He raises both hands in surrender. “Understood. You girls have fun. But, Grace, please bring her home at midnight. That’s her curfew.”

“It is?” I ask. We’ve never discussed such a thing.

“Does that work for you?” he asks. Now he’s unsure too.

“Well, it doesn’t work for me, Mr. Rydell,” Grace says, “because that’s my curfew too. So I’ll have her home by a quarter of, because it takes me fifteen minutes to drive to my house from here. How’s that, yeah?”

“Perfect!” Dad says, beaming. He’s made the right parenting choice that syncs up with the choices of other normal parents. Life is good. And it’s good for me, too, because now I can sneak out of here like some horrible juvenile delinquent daughter and go do something he wouldn’t want me to do, while I’ve lied and told him we’re going to the boardwalk. Before I lose my nerve, I grab a hoodie, tell him good-bye, and rush Grace out the door.

Grace drives a cute two-seater with a sunroof. All the way to the beach, she tries to give me the lowdown on who will be there and what the party could be like, but I’m still unprepared. The setting sun is turning the sky magenta as we pull off the road, well north of the cove, and park with a hundred other cars every which way alongside the highway, half in the scrabbly sand. Rocky cliffs rise up from the ocean, turning into mountainous coastal foothills in the distance. And the surf slams so hard here, it almost sounds like ominous music—only, there’s that, too, pumped in from someone’s car speakers. It echoes around a crescent-shaped bowl of jagged rock, a couple hundred yards or so below the road. And inside this crescent is a hollow sandy pit, where several dozen teens are congregated around a massive bonfire that throws wildly flickering light around the craggy walls.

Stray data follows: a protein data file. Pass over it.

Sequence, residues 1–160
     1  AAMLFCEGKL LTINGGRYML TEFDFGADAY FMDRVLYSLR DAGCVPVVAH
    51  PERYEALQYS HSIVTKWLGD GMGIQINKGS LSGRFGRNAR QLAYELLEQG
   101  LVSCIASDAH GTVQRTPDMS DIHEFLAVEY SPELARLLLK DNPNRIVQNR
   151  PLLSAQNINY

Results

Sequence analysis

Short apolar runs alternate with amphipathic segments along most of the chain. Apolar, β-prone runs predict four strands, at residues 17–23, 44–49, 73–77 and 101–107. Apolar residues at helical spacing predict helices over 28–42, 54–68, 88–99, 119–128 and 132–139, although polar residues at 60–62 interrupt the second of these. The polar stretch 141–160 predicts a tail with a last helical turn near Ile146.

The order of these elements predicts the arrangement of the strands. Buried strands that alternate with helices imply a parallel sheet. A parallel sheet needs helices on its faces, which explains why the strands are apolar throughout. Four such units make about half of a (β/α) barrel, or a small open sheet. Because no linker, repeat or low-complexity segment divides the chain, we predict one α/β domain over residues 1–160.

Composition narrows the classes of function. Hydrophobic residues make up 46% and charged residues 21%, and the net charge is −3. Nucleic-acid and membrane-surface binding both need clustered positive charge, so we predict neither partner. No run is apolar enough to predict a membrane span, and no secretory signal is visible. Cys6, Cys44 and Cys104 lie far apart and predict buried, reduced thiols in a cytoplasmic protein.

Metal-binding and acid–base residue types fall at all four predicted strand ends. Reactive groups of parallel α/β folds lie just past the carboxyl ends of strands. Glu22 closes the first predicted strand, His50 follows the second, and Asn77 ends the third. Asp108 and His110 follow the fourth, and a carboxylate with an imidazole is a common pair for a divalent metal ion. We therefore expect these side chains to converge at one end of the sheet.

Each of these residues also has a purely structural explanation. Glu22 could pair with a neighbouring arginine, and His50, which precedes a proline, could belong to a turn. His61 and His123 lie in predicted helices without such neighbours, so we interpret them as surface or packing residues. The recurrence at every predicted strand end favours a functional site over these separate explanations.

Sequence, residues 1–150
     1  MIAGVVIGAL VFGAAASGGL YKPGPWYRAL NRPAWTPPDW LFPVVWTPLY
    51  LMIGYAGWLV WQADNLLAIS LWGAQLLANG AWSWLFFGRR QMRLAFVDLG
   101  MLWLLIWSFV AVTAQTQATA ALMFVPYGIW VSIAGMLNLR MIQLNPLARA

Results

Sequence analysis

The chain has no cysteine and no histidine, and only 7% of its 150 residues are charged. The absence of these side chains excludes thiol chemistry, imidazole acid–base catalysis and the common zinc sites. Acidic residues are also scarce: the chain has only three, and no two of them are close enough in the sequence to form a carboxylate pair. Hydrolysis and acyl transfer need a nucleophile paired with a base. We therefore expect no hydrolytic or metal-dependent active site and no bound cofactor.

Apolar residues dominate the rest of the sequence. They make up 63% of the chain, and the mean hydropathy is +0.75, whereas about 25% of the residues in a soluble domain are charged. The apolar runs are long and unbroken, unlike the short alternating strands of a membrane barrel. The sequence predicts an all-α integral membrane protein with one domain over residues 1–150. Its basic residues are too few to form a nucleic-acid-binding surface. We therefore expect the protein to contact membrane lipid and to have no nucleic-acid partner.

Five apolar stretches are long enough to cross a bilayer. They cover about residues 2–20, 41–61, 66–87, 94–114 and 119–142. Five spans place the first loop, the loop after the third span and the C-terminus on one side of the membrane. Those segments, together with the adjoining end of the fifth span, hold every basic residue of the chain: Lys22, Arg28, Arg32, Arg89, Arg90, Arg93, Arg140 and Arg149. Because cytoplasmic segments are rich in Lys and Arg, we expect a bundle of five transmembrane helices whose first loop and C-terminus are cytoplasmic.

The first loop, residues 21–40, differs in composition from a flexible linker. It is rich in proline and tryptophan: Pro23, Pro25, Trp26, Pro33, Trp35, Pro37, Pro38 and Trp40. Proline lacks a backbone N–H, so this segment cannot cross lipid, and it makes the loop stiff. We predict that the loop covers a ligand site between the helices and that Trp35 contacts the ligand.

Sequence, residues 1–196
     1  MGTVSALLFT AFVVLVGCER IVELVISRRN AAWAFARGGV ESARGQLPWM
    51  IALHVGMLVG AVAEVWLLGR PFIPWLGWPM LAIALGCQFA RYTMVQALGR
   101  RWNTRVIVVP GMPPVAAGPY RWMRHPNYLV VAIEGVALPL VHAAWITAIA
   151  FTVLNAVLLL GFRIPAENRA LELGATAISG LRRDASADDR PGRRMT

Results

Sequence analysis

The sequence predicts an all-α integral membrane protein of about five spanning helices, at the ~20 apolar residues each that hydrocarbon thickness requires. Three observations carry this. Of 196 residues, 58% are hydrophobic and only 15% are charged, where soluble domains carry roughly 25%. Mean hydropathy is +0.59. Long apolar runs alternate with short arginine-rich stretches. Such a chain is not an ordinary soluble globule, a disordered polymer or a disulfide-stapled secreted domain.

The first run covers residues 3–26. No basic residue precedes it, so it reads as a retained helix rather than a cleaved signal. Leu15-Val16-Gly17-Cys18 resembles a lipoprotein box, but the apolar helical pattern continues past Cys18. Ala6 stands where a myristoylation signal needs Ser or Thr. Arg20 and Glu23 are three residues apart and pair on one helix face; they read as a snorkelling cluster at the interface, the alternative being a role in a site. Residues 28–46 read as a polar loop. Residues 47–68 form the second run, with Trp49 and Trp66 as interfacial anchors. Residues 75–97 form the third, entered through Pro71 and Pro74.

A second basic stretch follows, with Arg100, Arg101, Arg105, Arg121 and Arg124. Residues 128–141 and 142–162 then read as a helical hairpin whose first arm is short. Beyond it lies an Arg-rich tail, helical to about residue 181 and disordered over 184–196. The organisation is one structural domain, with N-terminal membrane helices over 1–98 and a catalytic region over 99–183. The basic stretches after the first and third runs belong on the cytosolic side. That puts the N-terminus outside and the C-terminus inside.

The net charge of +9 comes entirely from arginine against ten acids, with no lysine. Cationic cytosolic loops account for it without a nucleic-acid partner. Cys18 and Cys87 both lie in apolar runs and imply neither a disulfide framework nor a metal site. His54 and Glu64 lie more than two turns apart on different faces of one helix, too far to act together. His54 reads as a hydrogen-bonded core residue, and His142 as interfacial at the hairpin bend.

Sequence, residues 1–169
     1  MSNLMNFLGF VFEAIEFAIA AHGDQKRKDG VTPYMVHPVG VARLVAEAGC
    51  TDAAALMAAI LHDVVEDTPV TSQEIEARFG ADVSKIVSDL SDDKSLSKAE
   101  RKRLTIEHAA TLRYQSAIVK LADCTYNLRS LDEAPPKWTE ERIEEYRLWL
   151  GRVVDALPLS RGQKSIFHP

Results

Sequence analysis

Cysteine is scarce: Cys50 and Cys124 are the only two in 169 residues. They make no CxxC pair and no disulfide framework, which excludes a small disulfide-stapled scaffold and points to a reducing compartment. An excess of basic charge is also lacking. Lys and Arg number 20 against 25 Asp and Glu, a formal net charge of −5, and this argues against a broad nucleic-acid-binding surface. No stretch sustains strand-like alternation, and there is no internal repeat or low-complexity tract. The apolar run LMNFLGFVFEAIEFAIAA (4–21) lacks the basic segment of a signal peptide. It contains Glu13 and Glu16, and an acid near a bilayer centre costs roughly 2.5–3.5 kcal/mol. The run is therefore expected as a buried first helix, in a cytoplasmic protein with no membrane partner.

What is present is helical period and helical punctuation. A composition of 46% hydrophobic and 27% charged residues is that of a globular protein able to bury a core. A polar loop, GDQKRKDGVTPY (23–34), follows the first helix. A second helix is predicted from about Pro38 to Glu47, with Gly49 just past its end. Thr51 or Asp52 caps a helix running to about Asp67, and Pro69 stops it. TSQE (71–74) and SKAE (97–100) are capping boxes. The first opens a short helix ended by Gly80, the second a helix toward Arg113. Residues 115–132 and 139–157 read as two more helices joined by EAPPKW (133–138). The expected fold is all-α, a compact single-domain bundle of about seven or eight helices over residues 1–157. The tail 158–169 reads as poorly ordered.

The Bone Garden.

Grace and I make the downhill trek on a well-worn path through coastal grass. As we do, we’re greeted by a motley array of scent and sound. Roasted marshmallows and skunky beer. Laughing and shouting and roughhousing. A boy crying in the shadows and another boy telling him he’s sorry and please don’t leave. Me too, dude, I think, because I’m having the same panic attack.